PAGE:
By Kai Curry
Northwest Asian Weekly
“Hopefully what I can do is give through my film a collective hug to people,” states Gurinder Chadha, producer, director, and script writer for “Blinded by the Light,” the new film based on the memoir by Sarfraz Manzoor, who also worked on the script. The film depicts a catalyzing moment in the life of Pakistani British teenager, Javed, when he discovers the music of Bruce Springsteen. “The Boss,” as Springsteen is called, helps Javed navigate conflict with his conservative father, and the tensions of living in small-town England during the 1980s, which included high unemployment and anti-immigrant backlash. While it sounds dim (and familiar), the film is actually quite hopeful as Javed struggles to follow his own path.
“Blinded by the Light” is the latest of a series of rock-music-based films that have come out recently. I’m mentioning this to warn you that the characters will break into song and dance at points. It’s a fun tribute to the music, and the elation that music can bring, especially in one’s teens. The musical sequences drive home the impression Springsteen’s music is making on Javed. However, they do run on a bit. Considering that’s the only grouse I have, and it’s a grouse about a fully understandable indulgence, then it’s barely a problem at all.
The Boss gave his blessing to the movie, which Manzoor and Chadha acquired not in small part due to the groundwork Manzoor had laid over the years as a MAJOR fan. As depicted in the film, Manzoor was introduced to Springsteen’s music in 1987.
“I became a full-on fan,” he said. “I went to every single Bruce Springsteen concert in the country — so that was a lot!” In total, including outside Britain, Manzoor saw the Boss “about 150 times.” And Manzoor was not a wallflower. “In that time, I was often at the front,” he recalled. “Because I was there at the front so much, he got to recognize me…and because there weren’t that many Asian Springsteen fans, I was quite visible. He would always point and smile. So we had some kind of a connection.”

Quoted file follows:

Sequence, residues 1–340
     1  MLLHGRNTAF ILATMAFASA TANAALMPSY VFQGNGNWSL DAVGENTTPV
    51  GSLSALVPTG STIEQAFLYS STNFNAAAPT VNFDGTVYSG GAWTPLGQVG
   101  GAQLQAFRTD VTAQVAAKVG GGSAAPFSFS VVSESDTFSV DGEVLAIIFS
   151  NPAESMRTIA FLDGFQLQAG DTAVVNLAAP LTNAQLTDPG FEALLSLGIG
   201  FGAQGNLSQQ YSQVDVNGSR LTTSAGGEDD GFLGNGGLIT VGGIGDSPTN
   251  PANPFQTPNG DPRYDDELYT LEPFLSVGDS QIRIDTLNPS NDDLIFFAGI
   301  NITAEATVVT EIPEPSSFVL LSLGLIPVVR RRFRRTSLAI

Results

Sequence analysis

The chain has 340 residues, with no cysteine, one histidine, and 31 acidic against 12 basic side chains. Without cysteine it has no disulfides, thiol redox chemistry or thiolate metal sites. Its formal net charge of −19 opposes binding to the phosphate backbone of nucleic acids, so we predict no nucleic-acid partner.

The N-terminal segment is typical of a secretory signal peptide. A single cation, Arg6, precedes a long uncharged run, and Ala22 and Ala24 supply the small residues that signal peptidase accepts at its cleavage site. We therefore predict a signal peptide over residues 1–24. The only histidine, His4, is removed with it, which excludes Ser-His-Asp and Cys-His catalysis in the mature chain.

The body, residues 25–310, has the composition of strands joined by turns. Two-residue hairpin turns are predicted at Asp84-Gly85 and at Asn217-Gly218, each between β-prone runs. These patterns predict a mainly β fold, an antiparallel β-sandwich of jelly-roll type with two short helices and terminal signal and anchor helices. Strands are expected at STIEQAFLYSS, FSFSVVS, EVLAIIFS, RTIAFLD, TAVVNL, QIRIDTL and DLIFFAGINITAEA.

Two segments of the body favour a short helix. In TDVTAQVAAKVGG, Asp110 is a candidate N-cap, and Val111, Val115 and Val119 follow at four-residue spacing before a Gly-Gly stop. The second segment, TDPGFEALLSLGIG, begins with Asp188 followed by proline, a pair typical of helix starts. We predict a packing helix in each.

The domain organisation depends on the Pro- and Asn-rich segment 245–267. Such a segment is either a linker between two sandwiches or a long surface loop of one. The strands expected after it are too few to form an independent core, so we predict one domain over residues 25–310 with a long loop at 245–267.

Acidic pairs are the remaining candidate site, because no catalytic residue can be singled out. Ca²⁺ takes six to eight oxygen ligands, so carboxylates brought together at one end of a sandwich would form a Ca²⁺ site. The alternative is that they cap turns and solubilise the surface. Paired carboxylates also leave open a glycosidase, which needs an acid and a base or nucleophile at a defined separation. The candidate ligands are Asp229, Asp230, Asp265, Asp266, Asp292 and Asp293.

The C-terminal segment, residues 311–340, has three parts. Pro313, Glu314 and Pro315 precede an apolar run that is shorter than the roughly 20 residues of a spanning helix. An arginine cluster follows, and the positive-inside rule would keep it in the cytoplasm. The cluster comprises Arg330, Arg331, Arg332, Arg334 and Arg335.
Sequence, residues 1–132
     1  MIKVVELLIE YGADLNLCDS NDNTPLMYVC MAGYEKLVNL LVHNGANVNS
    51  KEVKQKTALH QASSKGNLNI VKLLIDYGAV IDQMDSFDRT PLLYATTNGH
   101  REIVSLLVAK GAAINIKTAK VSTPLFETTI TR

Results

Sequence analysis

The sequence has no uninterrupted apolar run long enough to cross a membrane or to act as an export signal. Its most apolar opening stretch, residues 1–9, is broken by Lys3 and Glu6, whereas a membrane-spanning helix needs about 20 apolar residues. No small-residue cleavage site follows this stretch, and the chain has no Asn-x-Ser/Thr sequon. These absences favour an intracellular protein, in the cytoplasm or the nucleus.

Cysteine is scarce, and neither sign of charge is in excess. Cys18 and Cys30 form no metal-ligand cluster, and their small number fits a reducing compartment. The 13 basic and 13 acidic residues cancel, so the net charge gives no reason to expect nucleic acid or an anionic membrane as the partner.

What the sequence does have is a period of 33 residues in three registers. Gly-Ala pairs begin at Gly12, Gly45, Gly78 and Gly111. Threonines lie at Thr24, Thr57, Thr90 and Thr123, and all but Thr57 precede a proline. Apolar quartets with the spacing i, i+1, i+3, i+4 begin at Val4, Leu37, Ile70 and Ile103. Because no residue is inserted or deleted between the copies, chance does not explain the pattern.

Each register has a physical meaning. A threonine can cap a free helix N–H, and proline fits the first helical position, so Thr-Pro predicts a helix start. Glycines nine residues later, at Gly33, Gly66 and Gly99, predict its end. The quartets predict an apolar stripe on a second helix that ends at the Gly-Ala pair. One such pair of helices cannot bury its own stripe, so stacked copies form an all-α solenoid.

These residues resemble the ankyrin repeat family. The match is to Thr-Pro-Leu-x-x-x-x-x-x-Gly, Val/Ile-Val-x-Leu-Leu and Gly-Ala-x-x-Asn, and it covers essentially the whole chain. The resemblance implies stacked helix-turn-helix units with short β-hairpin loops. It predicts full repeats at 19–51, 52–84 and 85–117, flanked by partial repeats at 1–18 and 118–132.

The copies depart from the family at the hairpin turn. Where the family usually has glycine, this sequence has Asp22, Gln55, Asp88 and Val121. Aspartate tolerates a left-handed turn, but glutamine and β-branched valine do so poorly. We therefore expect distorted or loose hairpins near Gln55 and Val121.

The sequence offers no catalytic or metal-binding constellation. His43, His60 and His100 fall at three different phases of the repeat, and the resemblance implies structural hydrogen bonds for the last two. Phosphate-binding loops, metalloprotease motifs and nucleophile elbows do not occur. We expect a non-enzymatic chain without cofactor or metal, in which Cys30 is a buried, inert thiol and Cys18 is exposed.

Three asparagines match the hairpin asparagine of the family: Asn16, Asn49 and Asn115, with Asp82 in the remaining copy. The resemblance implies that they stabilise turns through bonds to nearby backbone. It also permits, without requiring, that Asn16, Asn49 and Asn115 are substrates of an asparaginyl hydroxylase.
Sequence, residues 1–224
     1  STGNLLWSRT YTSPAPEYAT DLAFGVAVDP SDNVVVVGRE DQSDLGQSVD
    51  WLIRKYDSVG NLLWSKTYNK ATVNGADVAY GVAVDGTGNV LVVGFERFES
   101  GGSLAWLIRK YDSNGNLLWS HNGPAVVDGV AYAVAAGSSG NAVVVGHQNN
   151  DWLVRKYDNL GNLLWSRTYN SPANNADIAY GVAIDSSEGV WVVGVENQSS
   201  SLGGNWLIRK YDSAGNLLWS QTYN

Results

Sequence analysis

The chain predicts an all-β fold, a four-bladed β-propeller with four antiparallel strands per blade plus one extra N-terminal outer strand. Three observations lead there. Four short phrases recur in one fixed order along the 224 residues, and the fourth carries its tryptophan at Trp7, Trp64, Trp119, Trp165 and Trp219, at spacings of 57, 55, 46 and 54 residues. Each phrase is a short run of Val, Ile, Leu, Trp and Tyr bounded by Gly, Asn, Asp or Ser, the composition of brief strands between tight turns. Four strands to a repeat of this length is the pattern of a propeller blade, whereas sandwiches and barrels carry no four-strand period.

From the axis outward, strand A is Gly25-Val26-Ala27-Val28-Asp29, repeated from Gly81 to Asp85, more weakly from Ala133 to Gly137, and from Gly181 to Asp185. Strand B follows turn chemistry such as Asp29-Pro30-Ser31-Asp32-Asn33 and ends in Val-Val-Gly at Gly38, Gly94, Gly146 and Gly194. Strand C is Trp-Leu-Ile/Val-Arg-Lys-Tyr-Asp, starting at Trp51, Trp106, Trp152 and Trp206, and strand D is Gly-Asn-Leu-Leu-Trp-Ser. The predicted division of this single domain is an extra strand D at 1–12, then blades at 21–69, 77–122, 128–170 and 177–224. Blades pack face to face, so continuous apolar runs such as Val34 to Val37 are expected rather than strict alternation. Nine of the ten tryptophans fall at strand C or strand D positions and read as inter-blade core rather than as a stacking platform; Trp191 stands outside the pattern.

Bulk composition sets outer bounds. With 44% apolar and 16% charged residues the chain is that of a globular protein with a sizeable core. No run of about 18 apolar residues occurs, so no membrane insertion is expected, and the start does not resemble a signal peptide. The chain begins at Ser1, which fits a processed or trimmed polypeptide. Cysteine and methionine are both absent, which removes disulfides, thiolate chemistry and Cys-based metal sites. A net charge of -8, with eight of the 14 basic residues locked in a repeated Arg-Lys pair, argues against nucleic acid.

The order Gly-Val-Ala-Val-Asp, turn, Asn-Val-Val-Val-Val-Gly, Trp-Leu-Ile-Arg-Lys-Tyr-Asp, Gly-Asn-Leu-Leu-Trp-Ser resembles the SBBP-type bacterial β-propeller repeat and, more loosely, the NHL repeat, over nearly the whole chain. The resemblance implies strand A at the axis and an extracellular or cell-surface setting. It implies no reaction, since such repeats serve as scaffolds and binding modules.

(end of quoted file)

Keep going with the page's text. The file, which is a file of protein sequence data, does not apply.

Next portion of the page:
Flash forward. “I sent the script to him and three weeks later, we got word from him and his basic words were, ‘I’m all good with this.’ That’s all he said…That’s all we needed!”
There’s a chemistry between Manzoor, Chadha, and Springsteen that is beyond fandom. There is mutual respect and common ground. Their friendship seems to represent what the film is saying: music, and shared humanity, can bring us together, regardless of each of our backgrounds. For Manzoor, that has been one of the most amazing things about sharing his story. In Los Angeles, a viewer said, “I’ve never connected with any film as much as I’ve connected with yours.”
Manzoor was surprised. “You’re an LA dude in your 20s! How can you say this about a film set [in the 1980s] about a Pakistani family?” Someone else said to him, “I’m Korean and I can see my dad in your dad.” For Manzoor, this is humbling. “It’s not just about me telling my story. It’s about other people seeing something in themselves in the story.”
Music is a common denominator. Manzoor and the film say it well.
“The message of this film is that music—art—doesn’t respect boundaries of race or religion or nationality.” It’s a message that Manzoor and Chadha believe applies equally well today as it did to Thatcher’s Britain. “We’re in very divided times right now,” remarked Manzoor. “There are a lot of people who are choosing to focus on the different…choosing to treat others in a way that puts them against other people… [Blinded by the Light is] a period film which actually feels quite timely.”